BACKGROUND: Mid-frequency ventilation, a strategy of using conventional ventilators at high frequencies, may reduce lung injury but has had limited evaluation in neonates. Hence, a randomized crossover study was designed to assess the feasibility of using mid-frequency ventilation in preterm infants with respiratory distress syndrome.
METHODS: Twelve preterm infants (≥500 g and ≥24 weeks gestational age) who were receiving pressure-limited conventional ventilation with frequencies ≤60 breaths/min for respiratory distress syndrome were randomized to periods of mid-frequency ventilation (conventional ventilation with the fastest frequency up to 150 breaths/min that gave complete inspiration and expiration) or conventional ventilation (frequency ≤60 breaths/min), each lasting 2 h using a crossover design. Ventilator parameters were adjusted to maintain the O2 saturation and transcutaneous CO2 at baseline.
RESULTS: Mean peak inspiratory pressure (15 ± 4 cm H2O vs 18 ± 4 cm H2O, P < .001), Δ pressure (9.8 ± 3.3 cm H2O vs 13.5 ± 3.9 cm H2O, P < .001), and tidal volume (2.6 ± 0.4 mL/kg vs 4.6 ± 0.8 mL/kg, P < .001) were lower, but mean airway pressure (8.9 ± 1.9 cm H2O vs 8.4 ± 1.6 cm H2O, P = .02) and measured PEEP (5.1 ± 0.5 cm H2O vs 4.4 ± 0.5 cm H2O, P < .001) were higher with mid-frequency compared with conventional ventilation. FIO2, gas exchange, and hemodynamic parameters were not affected.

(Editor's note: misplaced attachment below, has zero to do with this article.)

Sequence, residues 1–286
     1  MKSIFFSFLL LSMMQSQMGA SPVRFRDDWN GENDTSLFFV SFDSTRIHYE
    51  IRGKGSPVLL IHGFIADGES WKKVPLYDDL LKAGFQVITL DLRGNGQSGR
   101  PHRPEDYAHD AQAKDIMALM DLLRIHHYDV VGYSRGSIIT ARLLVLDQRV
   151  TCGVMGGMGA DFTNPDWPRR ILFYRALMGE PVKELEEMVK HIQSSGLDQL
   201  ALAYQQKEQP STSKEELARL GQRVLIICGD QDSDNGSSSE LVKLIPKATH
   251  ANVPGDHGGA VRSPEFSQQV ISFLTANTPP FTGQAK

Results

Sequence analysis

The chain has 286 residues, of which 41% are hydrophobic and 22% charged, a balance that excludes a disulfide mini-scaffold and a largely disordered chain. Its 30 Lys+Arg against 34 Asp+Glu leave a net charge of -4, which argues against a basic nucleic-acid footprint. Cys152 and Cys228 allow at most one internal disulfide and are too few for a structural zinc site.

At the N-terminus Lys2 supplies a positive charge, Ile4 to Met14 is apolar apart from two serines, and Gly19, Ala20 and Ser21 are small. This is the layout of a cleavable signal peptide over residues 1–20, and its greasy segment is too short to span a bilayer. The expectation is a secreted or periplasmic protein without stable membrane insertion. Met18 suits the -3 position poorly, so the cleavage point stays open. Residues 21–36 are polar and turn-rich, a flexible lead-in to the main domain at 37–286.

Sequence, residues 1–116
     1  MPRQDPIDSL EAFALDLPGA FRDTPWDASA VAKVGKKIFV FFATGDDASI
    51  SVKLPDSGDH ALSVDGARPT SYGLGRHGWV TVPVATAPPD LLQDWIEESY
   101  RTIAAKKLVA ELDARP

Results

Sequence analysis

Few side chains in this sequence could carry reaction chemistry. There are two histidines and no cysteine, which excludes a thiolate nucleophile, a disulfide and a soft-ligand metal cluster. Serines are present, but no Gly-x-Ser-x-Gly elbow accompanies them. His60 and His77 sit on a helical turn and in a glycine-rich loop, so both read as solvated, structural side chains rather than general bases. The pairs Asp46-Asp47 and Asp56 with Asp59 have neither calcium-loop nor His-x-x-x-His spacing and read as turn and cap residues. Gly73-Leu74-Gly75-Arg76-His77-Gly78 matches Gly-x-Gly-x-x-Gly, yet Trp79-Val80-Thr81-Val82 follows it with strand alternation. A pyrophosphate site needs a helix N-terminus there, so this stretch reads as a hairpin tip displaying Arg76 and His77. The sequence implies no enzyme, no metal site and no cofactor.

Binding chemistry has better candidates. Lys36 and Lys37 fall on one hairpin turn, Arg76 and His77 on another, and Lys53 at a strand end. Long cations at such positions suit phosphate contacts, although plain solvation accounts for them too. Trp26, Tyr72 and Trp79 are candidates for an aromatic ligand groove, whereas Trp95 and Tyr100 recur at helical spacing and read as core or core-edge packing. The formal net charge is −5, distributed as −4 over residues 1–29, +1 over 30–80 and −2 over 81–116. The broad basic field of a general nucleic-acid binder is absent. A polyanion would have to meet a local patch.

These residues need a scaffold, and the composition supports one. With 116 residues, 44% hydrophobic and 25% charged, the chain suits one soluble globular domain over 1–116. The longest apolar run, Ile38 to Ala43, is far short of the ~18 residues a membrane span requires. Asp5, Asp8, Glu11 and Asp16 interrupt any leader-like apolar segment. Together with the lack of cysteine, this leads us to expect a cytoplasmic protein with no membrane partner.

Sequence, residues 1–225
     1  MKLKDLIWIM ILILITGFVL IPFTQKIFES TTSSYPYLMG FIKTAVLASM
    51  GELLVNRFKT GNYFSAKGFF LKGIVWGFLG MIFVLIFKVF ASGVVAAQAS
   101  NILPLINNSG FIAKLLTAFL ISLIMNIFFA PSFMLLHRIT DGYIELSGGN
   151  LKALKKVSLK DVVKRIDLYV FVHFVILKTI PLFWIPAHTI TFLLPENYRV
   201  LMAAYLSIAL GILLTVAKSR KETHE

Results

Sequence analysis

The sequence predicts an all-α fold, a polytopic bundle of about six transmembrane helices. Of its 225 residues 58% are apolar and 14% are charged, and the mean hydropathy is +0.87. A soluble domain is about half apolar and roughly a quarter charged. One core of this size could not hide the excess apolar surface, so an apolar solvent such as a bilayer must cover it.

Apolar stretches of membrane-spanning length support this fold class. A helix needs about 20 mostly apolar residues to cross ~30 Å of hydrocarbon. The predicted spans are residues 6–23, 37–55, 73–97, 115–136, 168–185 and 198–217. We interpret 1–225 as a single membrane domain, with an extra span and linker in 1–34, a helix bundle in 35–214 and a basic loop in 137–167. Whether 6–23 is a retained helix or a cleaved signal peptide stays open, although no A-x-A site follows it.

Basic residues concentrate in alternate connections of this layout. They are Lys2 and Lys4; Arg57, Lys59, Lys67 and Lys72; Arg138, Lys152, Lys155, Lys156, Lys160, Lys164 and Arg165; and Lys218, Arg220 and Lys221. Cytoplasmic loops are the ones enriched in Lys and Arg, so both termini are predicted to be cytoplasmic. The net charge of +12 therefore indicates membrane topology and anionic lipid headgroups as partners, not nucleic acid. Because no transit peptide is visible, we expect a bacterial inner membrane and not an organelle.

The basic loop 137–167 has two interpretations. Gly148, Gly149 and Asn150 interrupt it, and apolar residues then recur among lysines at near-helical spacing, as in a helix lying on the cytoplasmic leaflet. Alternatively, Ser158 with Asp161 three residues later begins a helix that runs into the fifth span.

CONCLUSIONS: Based on this small study, mid-frequency ventilation among preterm infants with respiratory distress syndrome is feasible. Further larger and longer duration trials are necessary to validate our findings. (ClinicalTrials.gov registration NCT01242462)
- Correspondence: Waldemar A Carlo MD, Division of Neonatology, 176F Suite 9380, Women and Infants Center, University of Alabama at Birmingham, 619 20th Street South, Birmingham, AL 35233. E-mail: .
This work was supported by the Perinatal Health and Human Development Research Program of the University of Alabama at Birmingham, and Children's of Alabama Centennial Scholar Fund. Mr Chatburn and Dr Mireles-Cabodevila are the inventors named on the patent for mid-frequency ventilation that is assigned to the Cleveland Clinic. Mr Chatburn has disclosed relationships with CareFusion, Covidien, Dräger, Hamilton, IngMar, Inogen, Invacare, Philips, ResMed, Neotech, and Breathe Technologies. Mr Chatburn also holds US patent 4,589,409. Mr Chatburn received royalties from Amazon.com for books on research and mechanical ventilation. Dr Carlo is on the board of directors of Mednax. The other authors have disclosed no conflicts of interest.
Dr Kelleher presented a version of this paper at the Pediatric Academic Societies 2014 annual meeting, held May 3–6, 2014, in Vancouver, Canada.
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